California inmates on hunger strike to protest prolonged solitary confinement

SACRAMENTO, Calif. - Severed from the rest of the world, California inmates in solitary confinement are once again hoping to starve their way to change.

For the third time in two years, prisoners who decry solitary confinement as a human rights violation have embarked on a hunger strike. They are clashing with corrections officials who call prolonged isolation a necessary tool to fight violent gangs that disrupt prisons and intimidate other inmates.

"Conditions have worsened" since the first two strikes, said Kamau Walton, a spokeswoman for the Prisoner Hunger Strike Solidarity Coalition, and this time, barring some changes, "the prisoners are not going to be putting an end to it." 

At issue is the widespread use of "segregated housing units," or SHUs: tiny, windowless cells used to wall off some inmates -- including those who have committed offenses in prison, like murdering other inmates, and those who belong to prison gangs -- from the other prisoners.

There are currently about 3,600 California prisoners housed in solitary confinement, a figure that includes inmates facing open-ended stays and those with fixed terms for specific offenses

Accused gang members who have spent years secluded in SHUs are driving the current strike.

As of Friday afternoon, the number of inmates refusing food had dwindled to 1,235 across 14 state prisons, down from more than 12,000 when the protest began.

Inmates and their allies cast the strike as a continuation of a pair of 2011 hunger strikes. Those strikers relented so the California Department of Corrections and Rehabilitation could make promised changes. Inmates did win some concessions, like being allowed to have winter caps and send annual photos of themselves to family members.

But a lack of progress on the broader solitary confinement framework has led prisoners to resume the protest, Walton said.

"CDCR said they would re-evaluate the processes, and, whether or not they did, nothing has changed," she said.

Officials reject the notion that nothing has changed. Terry Thornton, a spokeswoman for CDCR, pointed to a two-year pilot program to change the rules around solitary confinement.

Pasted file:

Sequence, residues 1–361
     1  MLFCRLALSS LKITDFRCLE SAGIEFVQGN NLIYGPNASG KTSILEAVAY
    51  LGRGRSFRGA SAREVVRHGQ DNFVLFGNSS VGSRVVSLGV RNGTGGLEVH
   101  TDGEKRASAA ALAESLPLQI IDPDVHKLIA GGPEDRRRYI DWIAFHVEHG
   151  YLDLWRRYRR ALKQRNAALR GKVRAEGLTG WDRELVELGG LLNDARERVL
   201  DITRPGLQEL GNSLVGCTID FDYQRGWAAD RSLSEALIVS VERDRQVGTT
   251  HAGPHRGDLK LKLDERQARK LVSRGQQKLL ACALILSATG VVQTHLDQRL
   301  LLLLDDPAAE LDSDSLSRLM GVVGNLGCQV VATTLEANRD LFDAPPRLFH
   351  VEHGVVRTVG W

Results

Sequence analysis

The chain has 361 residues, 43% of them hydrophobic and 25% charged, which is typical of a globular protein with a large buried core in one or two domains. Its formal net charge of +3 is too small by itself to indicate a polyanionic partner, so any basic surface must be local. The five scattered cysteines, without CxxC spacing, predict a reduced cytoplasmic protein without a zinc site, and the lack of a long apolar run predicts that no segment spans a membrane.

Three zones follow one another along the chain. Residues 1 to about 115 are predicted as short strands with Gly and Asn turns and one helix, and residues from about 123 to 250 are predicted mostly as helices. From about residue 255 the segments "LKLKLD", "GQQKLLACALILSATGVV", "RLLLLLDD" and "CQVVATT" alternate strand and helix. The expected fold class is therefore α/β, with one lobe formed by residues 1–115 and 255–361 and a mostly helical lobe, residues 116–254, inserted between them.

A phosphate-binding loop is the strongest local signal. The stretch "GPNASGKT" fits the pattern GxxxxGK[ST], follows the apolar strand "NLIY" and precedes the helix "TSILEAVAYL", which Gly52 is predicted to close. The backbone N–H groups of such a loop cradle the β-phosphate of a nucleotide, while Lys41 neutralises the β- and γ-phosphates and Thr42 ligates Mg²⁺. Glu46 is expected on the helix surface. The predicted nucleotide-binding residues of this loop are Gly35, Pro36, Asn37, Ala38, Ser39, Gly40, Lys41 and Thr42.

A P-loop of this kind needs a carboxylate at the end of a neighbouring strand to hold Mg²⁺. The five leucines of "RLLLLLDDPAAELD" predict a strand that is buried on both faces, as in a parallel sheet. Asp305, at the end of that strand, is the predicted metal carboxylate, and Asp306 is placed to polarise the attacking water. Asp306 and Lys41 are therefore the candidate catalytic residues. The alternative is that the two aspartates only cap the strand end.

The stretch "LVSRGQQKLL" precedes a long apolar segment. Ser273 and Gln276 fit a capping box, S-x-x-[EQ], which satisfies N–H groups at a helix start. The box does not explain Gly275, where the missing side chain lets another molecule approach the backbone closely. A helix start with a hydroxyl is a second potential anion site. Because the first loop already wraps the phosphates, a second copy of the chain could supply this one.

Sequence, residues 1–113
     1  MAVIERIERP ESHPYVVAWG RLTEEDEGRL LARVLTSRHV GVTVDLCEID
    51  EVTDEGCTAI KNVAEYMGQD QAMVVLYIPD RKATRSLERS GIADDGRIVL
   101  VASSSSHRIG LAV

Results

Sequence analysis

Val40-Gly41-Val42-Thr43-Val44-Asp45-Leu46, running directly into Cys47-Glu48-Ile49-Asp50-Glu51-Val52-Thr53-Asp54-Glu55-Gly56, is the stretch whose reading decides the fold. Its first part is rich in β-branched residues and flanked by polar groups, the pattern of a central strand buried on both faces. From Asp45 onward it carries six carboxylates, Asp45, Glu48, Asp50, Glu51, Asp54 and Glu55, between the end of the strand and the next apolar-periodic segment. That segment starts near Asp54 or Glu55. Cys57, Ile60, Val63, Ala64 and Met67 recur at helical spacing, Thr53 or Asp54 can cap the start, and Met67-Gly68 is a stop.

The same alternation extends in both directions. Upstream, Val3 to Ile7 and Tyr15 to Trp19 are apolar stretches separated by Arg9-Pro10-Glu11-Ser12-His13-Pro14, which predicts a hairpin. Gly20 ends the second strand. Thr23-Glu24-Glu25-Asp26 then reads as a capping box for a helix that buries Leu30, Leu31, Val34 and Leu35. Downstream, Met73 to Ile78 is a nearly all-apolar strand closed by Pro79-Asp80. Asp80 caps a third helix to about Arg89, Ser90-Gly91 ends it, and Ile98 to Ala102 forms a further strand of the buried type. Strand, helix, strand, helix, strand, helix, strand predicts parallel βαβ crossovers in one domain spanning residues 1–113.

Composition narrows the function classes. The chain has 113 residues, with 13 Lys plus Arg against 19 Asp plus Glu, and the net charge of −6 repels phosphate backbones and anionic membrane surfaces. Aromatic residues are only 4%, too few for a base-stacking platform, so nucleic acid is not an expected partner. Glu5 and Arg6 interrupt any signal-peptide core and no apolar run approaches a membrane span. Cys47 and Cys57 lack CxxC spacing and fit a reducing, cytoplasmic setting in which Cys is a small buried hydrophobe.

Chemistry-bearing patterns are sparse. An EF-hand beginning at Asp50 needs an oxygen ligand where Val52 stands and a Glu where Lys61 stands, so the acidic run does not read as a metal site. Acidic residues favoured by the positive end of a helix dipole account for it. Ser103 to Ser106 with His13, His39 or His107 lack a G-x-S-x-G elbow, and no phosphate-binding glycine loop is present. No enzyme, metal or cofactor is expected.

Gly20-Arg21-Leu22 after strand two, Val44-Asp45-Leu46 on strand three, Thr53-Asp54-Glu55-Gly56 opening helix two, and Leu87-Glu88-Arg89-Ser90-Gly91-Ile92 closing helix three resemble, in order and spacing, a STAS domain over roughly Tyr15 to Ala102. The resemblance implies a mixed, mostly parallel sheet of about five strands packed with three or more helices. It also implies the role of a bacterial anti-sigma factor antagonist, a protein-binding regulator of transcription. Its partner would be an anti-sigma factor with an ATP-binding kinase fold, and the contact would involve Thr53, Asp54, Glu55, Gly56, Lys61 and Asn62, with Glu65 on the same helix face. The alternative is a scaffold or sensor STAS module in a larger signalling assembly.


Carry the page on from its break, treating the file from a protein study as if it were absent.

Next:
"The claims the hunger strikers are making are the same they made two years ago, and yet the policies are vastly different," Thornton said.

Prisoners are now assigned to the units if their gang affiliation is proved through a points-based system that takes into account evidence like tattoos, reading material, talking to other gang members or a conviction stemming from gang-related behavior. 

Inmates in SHU units can now enroll in an incremental "step-down" program. That process can take up to four years, a reduction from what has been a minimum six-year stay.

Thornton said officials intend to review the status of every gang-identified inmate serving an indefinite term.

For prisoners and their allies, it isn't enough. 

"They haven't changed the fact that men can still live in isolation for decades on end without any hope of getting out," said Charles Carbone, a prisoners rights attorney who litigates gang validation cases.

The strike has drawn gestures of support from lawmakers. Assemblyman Tom Ammiano, D-San Francisco, chairman of the Assembly Public Safety Committee, earlier this year convened a hearing on solitary confinement. He issued a statement "urging prison officials to make more progress in establishing fair and humane policies."

"This is not always a population people want to defend," Ammiano told The Bee. "There's some egregious things people have done. But this is not using a scalpel, so to speak, it's using a machete to mete out justice."

The Center for Constitutional Rights has also filed a lawsuit on behalf of 10 inmates confined to SHUs at Pelican Bay State Prison maintaining that the current policies constitute cruel and unusual punishment and deprive inmates of due process. Between them, the inmates named as plaintiffs have spent more than 200 years in solitary confinement.

In August, a district court judge will consider a request to expand the challenge to a class-action lawsuit on behalf of other prisoners inhabiting SHUs.

(Contact Jeremy B. White of the Sacramento Bee at Distributed by Scripps Howard News Service,

(Distributed by Scripps Howard News Service,

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